In cattle, the bolus form of ivermectin has been used. Placed in the animal's stomach, the bolus releases ivermectin continuously for 120 days, Spiers says.

“Thus far, we've only tested the boluses in short-term studies, but it does seem to improve the feed intake, and body temperature doesn't seem to get quite as high,” Spiers says. “Ivermectin affects a part of the nervous system that we believe might be impacted by these toxins, but this is just preliminary work. We're not recommending it to producers.”

Meanwhile a group led by Vivian Allen at Texas Tech is looking at the potential benefits of feeding seaweed compounds to reduce problems of fescue toxicosis. The group recently published four papers on the subject in the Journal of Animal Science.

Spiers says Missouri has done some research in this area as well. Their control studies show seaweed does appear to reduce body temperature in the animals exposed to heat stress, with or without fescue toxicosis.

“The problem we have is that many of these compounds are not on the market yet, so to get them into the hands of producers you have to find a company to buy into the project and produce the compound, and that may take 10 to 15 years.

“Hopefully, we can find available compounds that have already been approved by FDA for use in animals. That's one reason we are looking at ivermectin — it's been approved and it's fairly safe. We need something that doesn't run a risk of overdose for the animal, with a lot of flexibility at the upper level.”

Heather Smith Thomas is a freelance writer from Salmon, ID.

The Fescue Riddle

The fescue problem goes back to the 1940s when “Kentucky 31” was first released, says University of Missouri animal scientist Don Spiers. The fungus, which is most concentrated in the seed head of the grass plant, wasn't identified until 1977, however.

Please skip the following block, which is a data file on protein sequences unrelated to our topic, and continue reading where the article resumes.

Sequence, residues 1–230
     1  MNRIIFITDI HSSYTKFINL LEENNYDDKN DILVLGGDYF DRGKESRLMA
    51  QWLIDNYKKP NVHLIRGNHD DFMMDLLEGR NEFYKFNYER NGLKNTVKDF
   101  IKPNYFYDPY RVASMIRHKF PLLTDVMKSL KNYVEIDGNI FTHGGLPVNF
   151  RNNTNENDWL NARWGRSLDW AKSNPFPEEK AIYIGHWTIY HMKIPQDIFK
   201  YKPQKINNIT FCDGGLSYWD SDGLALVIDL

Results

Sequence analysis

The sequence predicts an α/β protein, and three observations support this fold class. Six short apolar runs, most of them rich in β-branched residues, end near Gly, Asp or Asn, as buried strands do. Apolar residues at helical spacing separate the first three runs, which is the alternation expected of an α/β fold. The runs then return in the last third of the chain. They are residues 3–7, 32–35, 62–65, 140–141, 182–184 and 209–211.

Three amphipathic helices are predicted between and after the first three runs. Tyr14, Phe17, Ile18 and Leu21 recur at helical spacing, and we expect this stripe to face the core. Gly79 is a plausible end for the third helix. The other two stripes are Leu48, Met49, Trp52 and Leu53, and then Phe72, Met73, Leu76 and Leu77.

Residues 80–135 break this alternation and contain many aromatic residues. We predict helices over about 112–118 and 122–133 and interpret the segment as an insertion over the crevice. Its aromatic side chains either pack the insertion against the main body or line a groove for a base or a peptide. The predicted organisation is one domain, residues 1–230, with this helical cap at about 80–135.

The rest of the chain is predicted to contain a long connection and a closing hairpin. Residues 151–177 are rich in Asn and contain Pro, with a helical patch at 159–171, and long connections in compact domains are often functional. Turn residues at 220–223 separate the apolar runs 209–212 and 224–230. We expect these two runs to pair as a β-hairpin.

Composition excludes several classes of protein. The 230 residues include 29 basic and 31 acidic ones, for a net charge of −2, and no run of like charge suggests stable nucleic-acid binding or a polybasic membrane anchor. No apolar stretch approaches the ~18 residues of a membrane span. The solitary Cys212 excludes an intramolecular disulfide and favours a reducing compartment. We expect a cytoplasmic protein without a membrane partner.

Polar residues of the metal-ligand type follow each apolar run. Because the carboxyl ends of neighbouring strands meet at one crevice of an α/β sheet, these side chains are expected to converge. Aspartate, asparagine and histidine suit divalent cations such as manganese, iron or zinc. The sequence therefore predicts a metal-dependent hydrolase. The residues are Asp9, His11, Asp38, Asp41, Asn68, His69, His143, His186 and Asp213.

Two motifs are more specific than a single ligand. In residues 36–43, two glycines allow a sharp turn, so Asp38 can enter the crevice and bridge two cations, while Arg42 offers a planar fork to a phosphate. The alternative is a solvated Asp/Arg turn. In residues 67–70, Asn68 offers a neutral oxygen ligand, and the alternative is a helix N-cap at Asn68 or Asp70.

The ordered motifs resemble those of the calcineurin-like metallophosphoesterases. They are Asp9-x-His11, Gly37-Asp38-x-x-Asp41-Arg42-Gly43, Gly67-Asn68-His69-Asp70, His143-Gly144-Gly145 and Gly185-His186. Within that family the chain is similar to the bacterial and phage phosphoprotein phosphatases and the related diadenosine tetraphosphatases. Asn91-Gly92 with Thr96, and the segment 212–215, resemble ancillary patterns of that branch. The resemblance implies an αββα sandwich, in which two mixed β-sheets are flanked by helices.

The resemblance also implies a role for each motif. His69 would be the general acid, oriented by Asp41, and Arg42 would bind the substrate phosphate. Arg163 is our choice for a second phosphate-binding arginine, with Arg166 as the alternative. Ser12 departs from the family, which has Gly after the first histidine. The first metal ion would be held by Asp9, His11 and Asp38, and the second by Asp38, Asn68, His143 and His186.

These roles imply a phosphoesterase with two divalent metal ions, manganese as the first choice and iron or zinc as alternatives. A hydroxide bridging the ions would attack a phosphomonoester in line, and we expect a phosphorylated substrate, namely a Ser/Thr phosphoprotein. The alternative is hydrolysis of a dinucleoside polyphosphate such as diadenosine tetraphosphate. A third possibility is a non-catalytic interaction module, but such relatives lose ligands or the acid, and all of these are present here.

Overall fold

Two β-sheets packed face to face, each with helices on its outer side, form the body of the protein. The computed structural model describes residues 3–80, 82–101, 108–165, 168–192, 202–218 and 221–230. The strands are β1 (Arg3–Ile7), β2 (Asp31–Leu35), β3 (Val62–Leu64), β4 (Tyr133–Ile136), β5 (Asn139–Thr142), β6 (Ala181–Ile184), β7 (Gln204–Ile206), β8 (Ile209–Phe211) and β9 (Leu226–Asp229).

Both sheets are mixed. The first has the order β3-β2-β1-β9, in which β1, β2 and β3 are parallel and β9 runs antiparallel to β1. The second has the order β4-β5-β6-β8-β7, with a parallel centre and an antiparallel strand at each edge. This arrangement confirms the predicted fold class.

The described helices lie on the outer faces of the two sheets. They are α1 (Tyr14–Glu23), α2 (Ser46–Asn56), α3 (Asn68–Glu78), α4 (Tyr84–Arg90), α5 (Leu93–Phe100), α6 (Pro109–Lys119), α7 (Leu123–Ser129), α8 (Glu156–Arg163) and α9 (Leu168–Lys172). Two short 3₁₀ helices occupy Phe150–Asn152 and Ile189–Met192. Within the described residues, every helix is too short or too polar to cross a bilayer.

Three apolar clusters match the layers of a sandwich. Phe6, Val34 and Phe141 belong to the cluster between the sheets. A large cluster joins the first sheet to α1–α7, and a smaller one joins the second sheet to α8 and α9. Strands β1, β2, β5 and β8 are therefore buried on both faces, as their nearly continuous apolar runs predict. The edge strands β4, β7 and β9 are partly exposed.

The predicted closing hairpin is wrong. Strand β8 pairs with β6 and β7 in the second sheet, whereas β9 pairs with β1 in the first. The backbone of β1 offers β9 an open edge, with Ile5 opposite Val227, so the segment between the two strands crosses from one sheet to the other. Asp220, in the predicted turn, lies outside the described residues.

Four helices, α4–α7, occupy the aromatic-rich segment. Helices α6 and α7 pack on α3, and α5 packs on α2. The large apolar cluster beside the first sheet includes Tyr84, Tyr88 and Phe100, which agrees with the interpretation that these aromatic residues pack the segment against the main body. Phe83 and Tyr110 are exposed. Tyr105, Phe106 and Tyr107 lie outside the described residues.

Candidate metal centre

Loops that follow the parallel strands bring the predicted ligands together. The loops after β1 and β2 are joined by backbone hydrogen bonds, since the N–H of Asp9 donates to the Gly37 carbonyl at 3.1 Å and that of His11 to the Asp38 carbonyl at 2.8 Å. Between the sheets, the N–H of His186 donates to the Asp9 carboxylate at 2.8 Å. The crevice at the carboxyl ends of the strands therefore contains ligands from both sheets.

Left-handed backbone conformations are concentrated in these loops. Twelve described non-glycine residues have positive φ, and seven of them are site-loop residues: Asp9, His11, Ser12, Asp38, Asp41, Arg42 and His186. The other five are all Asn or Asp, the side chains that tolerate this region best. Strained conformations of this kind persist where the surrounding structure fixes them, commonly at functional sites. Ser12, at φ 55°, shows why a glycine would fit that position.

Spiers says “fescue toxicosis” is a general term that lumps together all the problems associated with the fungus. It's a multi-million dollar annual problem for beef producers.

The summer condition is called “summer slump” or “summer toxicosis.” Symptoms include decreased growth rate, feed intake and milk production, as well as rough hair coat and poor reproductive performance.

Decreased blood prolactin causes the decrease in milk production, while decreased blood circulation in the skin causes the increase in body temperature, Spiers says. That increase may be what produces many of these other signs of fescue toxicosis, as well.

“We don't usually see the increase in body temperature and other symptoms until the animals are heat stressed. Seldom do we see signs of fescue toxicosis when animals are in a neutral, comfortable environment,” Spiers says. “The biggest reason for the increase in body temperature is a reduced flow of blood to the skin; the animals just can't get rid of the heat.”

Spiers says people confuse fescue toxicosis with fever. But in fescue toxicosis, the body isn't creating heat as in a fever condition; it just can't get rid of heat.

Fescue foot is the winter problem. Affected animals suffer necrosis (death) of the tissues in the tail, ears and feet; some to the point that they eventually fall off. The tissue dies due to reduced blood flow, which starves those areas of nutrients.

“The primary toxin we look at is ergovaline. It's one of a number of toxins classified as ergot alkaloids. You find different ones in different situations. The class of toxins involved in fescue toxicosis is produced by the fungus in combination with the fescue,” he says.

While Spiers says ergovaline is the toxin usually used in fescue toxicosis experiments, some of the other ergot alkaloids may also be important.